KELPkid
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RE: Reversing From A Gate

Tue Mar 13, 2007 4:41 am

Many DC-9's are fully capable of a "powerback" (using reverse thrust to get out of a gate). NW airlines used to be a big proponent of this...wonder if they still do with fuel costs the way they are now  Wink
Celebrating the birth of KELPkidJR on August 5, 2009 :-)
 
MDorBust
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RE: Reversing From A Gate

Tue Mar 13, 2007 5:09 am

AA used to powerback all of it's MD's at DFW.

It wears engines out faster and isn't fuel efficient. Not to mention, it's dangerous.

Ice ingestion during the powerback of an Air Florida 732 brought it into the Potomac.
"I KICKED BURNING TERRORIST SO HARD IN BALLS THAT I TORE A TENDON" - Alex McIlveen
 
KELPkid
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RE: Reversing From A Gate

Tue Mar 13, 2007 5:28 am

Quoting MDorBust (Reply 5):
Ice ingestion during the powerback of an Air Florida 732 brought it into the Potomac.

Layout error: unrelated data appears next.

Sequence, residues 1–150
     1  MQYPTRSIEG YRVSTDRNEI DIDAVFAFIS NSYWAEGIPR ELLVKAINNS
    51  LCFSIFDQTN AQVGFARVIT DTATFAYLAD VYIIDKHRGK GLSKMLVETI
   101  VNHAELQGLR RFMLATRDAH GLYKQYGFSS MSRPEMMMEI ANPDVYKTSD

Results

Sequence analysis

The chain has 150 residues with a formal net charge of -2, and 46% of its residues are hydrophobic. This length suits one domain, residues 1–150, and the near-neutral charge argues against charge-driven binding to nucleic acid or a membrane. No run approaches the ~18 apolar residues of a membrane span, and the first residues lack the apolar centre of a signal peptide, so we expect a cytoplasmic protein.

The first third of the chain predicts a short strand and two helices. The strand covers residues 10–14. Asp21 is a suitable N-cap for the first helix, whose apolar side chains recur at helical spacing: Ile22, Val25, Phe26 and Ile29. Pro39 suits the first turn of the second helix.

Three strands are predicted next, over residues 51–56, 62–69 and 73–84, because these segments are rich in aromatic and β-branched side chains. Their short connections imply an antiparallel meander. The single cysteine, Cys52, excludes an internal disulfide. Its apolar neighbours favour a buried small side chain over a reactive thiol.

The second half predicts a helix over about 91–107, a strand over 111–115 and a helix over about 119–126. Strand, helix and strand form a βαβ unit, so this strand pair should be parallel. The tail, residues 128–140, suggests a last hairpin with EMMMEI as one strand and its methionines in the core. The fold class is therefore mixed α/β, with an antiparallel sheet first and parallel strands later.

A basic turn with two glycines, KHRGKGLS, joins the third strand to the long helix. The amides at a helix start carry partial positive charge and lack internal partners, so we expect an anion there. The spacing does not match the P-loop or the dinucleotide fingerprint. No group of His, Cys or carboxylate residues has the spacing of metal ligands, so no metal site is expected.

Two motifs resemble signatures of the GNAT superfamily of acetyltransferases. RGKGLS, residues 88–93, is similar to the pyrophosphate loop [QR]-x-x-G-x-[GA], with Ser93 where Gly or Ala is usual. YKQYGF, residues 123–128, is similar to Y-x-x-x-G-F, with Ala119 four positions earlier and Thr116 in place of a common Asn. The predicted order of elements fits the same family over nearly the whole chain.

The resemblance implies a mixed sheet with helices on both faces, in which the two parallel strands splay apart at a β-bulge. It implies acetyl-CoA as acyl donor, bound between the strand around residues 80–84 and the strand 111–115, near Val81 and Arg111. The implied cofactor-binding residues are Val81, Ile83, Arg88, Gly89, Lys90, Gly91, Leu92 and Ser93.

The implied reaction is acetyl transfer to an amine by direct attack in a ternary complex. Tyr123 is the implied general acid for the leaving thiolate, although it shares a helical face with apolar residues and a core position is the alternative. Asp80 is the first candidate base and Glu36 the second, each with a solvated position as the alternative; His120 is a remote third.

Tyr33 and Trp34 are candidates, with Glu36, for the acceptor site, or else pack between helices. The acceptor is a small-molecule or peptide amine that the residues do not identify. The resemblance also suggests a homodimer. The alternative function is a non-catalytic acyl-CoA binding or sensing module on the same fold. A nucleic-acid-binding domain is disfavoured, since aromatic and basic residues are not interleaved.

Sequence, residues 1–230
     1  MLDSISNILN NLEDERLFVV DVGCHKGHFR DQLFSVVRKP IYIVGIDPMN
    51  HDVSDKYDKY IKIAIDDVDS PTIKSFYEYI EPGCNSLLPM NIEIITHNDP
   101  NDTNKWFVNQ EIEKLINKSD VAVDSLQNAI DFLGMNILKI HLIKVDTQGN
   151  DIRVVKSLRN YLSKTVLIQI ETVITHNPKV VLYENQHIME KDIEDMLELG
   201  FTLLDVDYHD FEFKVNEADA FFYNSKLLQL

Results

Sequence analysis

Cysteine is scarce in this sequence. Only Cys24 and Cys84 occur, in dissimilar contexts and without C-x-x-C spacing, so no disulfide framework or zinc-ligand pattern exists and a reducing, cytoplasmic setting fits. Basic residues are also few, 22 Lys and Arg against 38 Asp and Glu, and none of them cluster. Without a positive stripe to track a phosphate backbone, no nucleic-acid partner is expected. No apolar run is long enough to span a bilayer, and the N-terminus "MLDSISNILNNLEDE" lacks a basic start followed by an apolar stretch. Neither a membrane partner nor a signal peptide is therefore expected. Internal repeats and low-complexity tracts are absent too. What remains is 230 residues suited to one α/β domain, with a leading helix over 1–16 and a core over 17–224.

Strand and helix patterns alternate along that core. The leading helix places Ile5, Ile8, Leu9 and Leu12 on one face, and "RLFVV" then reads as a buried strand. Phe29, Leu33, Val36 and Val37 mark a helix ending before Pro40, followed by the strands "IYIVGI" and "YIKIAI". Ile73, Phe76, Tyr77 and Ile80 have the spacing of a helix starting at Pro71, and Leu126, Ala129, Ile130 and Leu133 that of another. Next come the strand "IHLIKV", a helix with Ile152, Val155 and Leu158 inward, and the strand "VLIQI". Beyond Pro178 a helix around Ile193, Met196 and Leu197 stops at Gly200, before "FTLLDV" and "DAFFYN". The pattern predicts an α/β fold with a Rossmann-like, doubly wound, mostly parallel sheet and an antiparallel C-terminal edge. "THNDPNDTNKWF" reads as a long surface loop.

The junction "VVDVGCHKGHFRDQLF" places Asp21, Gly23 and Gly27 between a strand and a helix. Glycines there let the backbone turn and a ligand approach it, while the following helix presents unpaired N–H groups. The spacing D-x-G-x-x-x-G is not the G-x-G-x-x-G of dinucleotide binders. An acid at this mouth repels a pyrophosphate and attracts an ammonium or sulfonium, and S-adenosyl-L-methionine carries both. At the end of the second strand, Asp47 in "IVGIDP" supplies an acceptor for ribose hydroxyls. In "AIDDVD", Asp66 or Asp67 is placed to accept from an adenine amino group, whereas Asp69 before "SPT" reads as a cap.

You sure about that? Everything I read on the Air Florida Potomac accident indicates that the fatal flaw was not turning on the engine inlet de-icinig, which allowed some important probes (EPR?) to ice over, thereby giving innacurate readings. The Aircraft Flight Manual recommended turning the probe de-icing on in any sort of freezing conditions...
Celebrating the birth of KELPkidJR on August 5, 2009 :-)
 
MDorBust
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RE: Reversing From A Gate

Tue Mar 13, 2007 6:18 am

Quoting KELPkid (Reply 6):
You sure about that?

Yup. Page 80 of the NTSB report mentions it in the findings of the investigation.

Quoting KELPkid (Reply 6):
...not turning on the engine inlet de-icinig

Not activating the de-icing was a major contributing factor to the crash. So was parking too close behing a DC-9. All three were contributing factors to the crash.
"I KICKED BURNING TERRORIST SO HARD IN BALLS THAT I TORE A TENDON" - Alex McIlveen